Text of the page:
"Yes, yes."  She says, "And after I spend enough time down there I'll look so beautiful that no one will recognize me."

"Exactly!  No one will be able to find you to put you back in the hospital."

"I'll just tell them to look up pictures of the Bahamas, find the most beautiful person there, and that would be me."  

We both laugh.

"I still can't believe how you shot up so fast!  When did that happen?"

"I wanted to excel in something," I tell her "so I choose height."

We make a couple more jokes and then I hear her say "hello?" before she drops the phone.  

I called her again today.  She is doing worse.  As soon as I say hi she begins the ritual praising that she does whenever she talks to any of her grandchildren.  Today she can only get out about five adjectives in a low voice telling me that I the "Sweetest, most wonderful, kind, considerate, angelic..."  Most of the time we get at least fifteen.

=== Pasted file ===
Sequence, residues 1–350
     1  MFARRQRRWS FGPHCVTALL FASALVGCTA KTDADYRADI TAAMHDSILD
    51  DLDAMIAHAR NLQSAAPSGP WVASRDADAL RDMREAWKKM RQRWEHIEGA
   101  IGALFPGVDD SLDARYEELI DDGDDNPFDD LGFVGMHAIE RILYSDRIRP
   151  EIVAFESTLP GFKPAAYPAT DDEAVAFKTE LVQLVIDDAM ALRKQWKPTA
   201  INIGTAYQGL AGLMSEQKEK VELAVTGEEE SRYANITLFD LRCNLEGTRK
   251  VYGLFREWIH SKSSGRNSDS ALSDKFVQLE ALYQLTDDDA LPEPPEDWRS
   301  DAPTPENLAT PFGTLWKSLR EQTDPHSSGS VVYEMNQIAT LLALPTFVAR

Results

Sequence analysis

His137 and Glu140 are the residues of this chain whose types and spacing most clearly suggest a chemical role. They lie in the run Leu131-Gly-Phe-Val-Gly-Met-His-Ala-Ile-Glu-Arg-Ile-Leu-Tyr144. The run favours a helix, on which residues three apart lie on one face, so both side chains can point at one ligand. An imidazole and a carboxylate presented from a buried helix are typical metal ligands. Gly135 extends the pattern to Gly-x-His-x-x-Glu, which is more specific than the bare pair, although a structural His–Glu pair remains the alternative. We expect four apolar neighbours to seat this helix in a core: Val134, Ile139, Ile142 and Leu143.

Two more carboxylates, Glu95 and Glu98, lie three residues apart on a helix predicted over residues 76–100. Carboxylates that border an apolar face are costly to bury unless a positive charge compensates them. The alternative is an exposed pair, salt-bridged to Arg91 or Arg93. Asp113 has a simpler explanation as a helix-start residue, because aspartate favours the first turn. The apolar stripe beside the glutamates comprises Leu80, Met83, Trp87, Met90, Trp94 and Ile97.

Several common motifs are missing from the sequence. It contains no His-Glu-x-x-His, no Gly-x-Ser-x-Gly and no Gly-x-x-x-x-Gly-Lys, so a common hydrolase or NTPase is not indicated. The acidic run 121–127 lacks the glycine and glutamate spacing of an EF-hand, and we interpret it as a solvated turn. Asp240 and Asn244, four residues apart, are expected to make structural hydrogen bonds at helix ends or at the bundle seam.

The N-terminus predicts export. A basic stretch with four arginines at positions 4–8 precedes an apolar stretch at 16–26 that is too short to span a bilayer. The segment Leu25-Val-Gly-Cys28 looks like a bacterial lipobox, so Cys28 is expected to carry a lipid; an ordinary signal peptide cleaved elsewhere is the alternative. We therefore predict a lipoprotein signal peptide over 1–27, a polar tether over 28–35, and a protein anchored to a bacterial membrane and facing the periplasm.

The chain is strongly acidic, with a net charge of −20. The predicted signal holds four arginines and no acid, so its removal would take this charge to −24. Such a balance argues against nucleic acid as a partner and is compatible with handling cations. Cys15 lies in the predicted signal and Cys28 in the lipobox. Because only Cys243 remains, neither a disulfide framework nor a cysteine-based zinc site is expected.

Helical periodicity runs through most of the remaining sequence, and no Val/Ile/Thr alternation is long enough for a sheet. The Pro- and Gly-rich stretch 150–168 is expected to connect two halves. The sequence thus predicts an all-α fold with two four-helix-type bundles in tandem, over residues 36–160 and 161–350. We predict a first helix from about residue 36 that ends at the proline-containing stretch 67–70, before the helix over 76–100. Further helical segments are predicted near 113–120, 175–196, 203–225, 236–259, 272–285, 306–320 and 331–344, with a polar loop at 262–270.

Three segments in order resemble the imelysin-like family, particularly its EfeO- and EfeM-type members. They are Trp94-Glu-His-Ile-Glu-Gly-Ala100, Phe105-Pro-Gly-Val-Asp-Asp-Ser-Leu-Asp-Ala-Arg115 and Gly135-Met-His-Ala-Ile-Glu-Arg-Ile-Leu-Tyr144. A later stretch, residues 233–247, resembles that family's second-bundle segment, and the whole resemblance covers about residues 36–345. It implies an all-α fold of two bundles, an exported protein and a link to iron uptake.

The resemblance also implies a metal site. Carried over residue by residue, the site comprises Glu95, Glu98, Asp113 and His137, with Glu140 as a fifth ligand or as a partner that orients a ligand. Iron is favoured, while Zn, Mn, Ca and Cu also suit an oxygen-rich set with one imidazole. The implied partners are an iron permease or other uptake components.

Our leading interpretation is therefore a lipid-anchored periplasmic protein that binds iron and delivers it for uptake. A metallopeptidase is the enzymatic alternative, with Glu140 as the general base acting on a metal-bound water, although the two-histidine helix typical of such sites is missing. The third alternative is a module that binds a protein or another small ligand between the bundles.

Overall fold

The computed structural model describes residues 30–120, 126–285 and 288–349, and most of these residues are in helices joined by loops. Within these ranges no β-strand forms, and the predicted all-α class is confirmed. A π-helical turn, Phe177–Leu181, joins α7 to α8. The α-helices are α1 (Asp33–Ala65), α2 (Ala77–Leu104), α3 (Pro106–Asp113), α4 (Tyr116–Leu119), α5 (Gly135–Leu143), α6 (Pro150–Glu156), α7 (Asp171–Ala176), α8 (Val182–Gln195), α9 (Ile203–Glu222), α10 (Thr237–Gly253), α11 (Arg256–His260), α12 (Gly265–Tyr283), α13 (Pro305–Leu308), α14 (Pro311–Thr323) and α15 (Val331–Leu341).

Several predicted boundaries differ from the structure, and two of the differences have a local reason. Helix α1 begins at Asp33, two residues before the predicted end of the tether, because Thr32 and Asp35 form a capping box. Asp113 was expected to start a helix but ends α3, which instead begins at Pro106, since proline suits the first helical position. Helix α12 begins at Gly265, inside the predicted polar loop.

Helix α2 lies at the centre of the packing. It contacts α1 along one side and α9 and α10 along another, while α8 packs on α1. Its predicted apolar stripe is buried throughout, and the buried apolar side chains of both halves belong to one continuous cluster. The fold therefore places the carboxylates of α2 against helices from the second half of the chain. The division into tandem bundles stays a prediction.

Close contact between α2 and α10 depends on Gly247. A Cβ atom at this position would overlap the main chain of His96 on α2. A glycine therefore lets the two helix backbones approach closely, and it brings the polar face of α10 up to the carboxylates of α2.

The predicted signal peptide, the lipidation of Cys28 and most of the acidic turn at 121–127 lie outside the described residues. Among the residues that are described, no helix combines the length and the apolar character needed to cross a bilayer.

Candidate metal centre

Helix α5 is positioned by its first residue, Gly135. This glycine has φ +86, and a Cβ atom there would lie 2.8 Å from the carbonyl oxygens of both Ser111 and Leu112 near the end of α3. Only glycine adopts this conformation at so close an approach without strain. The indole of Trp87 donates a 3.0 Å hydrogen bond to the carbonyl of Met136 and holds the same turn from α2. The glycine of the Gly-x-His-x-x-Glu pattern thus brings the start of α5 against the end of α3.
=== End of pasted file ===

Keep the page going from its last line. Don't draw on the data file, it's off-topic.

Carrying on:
"You know that we all get it from you, Grandma."

"Well, I am glad you realize where it came from." 

"I've arranged the personal jet.  We can take off anytime you are ready."

"Now, is it at least a ten day stay?"  Grandma asks, with a tone implying that if it's not I'm out of luck."

"I was thinking at least three weeks."

She laughs and I inquire how she's feeling.

"Not very good, but I'll be just fine.  I've just got to shape up and ship out."  She emphasizes the impatience in her voice. 


"Well, I love you, and take care of yourself."  She says, tired. 

"I love you too, Grandma."

"I love you, be good, and take care of yourself."


Grandpa, Grandma, Me, Kip


A Sunday Afternoon Walk On Holdaway Rd.

I wish we wrote more letters.  Rose sent me a fantastic letter today and it helped ease the desire that has crept up in me every since I've been reading through all the Anne books.  Sigh.  I love progress, but sometimes I wish I wasn't so attached to what that means.  Letters are divine.  


A Good Man...

Weaver of Grass is one of my garden friends from whom I beg wisdom about plants, etc.  She is a poet, the wife of a farmer in England, and is absolutely wonderful.  I wandered over to her blog tonight and ran into her January 11th post.  It was great.  I wanted to pass it on to all of you.  

So please visit this blog post called "What we leave behind" for just a few minutes, and I promise it will be worth your while.  It reminds you of the beautiful things in life in an extraordinary way.  
Enjoy...and let me know what you think!